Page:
Dick went to the Met’s electrical shop and, through trial and error, found an aluminum electrical tube three inches in diameter whose wall is about one-quarter inch thick. He cut them with a rotary saw using very hard teeth. When struck at different points they achieve the notes and pitches Wagner called for. They look nothing like anvils, but the sound is unforgettable.
During performances, twelve people play them at four stations just barely offstage, following the score and watching the conductor on television monitors. There are two more players in the “tormentors” (the hollow towers within the proscenium arch). I have always been fascinated by the ghostly sound of the anvils during Das Rheingold. When seated in the auditorium, the clanging seems to be coming from all directions and you can picture the Nibelungs slaving away under the harsh scrutiny of Alberich.
Dick told me that at the old Metropolitan Opera House, anvils without pitch were played by assistant conductors using ball-peen hammers.
As principal percussionist, it is up to Greg Zuber to play the Rheingold anvils, just as he plays the smithing music in the Met’s recording of Siegfried. And what about Trovatore?, I asked.
If you have seen the current David McVicar production of Il Trovatore, you know that the second act Anvil Chorus features four very muscular men who are anything but Nibelungs. They pound on more conventional anvils and get into some rough conflicts when they are not playing.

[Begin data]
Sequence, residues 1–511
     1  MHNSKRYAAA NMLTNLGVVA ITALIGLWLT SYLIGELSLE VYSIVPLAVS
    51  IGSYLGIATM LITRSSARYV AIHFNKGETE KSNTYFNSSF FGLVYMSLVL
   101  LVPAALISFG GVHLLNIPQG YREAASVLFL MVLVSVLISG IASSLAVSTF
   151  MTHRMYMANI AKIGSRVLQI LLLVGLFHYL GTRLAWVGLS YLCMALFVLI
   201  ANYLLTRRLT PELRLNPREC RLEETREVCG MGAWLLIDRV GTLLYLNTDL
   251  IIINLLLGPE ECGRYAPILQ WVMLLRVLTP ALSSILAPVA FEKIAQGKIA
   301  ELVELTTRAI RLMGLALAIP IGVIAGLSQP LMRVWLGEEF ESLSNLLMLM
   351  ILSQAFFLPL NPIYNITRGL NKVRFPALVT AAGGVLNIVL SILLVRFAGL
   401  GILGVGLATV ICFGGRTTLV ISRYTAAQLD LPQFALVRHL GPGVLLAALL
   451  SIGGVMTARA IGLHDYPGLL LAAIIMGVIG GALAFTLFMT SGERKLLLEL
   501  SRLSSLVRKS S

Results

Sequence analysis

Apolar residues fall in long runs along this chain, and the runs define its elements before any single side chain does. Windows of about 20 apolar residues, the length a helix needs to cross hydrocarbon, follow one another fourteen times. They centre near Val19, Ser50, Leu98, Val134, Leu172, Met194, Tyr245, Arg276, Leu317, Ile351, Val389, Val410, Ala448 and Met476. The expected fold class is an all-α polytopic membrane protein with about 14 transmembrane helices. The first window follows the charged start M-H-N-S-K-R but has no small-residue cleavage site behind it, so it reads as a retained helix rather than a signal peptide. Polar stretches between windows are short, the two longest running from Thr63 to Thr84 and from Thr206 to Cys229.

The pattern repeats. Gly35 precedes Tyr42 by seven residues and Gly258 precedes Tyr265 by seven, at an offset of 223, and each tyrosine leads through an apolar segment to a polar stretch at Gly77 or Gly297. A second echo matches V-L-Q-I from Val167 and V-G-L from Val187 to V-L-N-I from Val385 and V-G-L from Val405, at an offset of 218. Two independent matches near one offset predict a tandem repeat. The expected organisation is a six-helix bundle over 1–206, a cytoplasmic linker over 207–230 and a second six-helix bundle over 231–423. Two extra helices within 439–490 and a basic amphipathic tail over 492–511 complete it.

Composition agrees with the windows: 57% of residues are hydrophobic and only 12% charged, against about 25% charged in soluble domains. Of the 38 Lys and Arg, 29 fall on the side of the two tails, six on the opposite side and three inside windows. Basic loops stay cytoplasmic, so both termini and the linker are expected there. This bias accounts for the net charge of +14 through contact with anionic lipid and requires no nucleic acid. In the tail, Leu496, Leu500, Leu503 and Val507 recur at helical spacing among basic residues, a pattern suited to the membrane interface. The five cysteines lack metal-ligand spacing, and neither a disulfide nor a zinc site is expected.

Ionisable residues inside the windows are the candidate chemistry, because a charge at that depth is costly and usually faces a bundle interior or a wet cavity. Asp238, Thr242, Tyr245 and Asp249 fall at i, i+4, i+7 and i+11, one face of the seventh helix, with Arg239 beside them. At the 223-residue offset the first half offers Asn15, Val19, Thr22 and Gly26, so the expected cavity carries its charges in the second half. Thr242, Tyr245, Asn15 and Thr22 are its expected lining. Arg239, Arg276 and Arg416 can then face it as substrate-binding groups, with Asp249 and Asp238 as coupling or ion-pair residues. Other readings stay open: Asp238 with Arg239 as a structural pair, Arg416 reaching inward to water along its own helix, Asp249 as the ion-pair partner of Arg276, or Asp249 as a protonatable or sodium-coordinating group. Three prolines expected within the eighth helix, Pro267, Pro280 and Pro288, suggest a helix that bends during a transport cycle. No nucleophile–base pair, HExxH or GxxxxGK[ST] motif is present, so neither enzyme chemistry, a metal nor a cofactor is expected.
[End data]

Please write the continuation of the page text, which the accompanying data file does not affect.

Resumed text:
“In the past,” said Greg, “we played anvils in the orchestra pit. With this new, more realistic production, they have those greasy muscle guys who play them on the stage. It’s not impossibly difficult to teach them the parts if they are musical.”
And why did they not use Met musicians to play them on the stage? “They couldn’t get us to fight with one another.” Saturday’s HD broadcast (starring Sondra Radvanovsky, Dolora Zajick, Marcelo Alvarez and Dmitri Hvorostovsky, conducted by Marco Armiliato) might well become a DVD, so that you can see those muscle guys at work. In the meantime, all I could find was a performance by the Gay Men’s Chorus of Los Angeles. Among the differences between theirs and the Met’s is that the accompaniment is by piano and there is only one anvil. Still, it’s a bit of good fun.
The Met Trovatore anvils are, in fact, props. I got to inspect them and found that the central portion is indeed a piece of metal to be pounded, but most of it is a light-weight material shaped like an anvil that is painted (“distressed” is the actual term) to look worn. Met musicians were involved in selecting the metal used to make these as well. The ones chosen have a clearer pitch while a basic anvil (for horseshoes) is not intended for musical performances and produces random noise.
Last week I stood in the wings as the Trovatore anvils were played. The sound is visceral and rhythmic and I watched some chorus members reflexively blink each time an anvil was struck. Then I climbed up one of the tormentors, led by a stage manager, and listened from above. From that vantage point I heard the four anvils, watched Maestro Armiliato lead the orchestra and the chorus in Verdi’s thunderous music. And then I heard a sound that was even more thrilling, more musical, and even louder: Dolora Zajick as Azucena singing “Stride la vampa.” Here she is in the Met’s 1988 production. She’s even better today. No Invalides here!